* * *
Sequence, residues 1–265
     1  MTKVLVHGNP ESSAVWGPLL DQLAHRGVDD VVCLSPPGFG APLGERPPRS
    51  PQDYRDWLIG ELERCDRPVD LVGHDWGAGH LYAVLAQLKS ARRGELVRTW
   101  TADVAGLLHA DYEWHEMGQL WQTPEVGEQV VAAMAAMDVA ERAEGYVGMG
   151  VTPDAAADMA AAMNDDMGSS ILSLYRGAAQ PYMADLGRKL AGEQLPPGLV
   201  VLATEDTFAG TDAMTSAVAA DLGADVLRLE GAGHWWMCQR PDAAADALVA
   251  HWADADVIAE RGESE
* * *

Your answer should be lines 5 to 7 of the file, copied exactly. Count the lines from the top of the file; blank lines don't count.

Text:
   151  VTPDAAADMA AAMNDDMGSS ILSLYRGAAQ PYMADLGRKL AGEQLPPGLV
   201  VLATEDTFAG TDAMTSAVAA DLGADVLRLE GAGHWWMCQR PDAAADALVA
   251  HWADADVIAE RGESE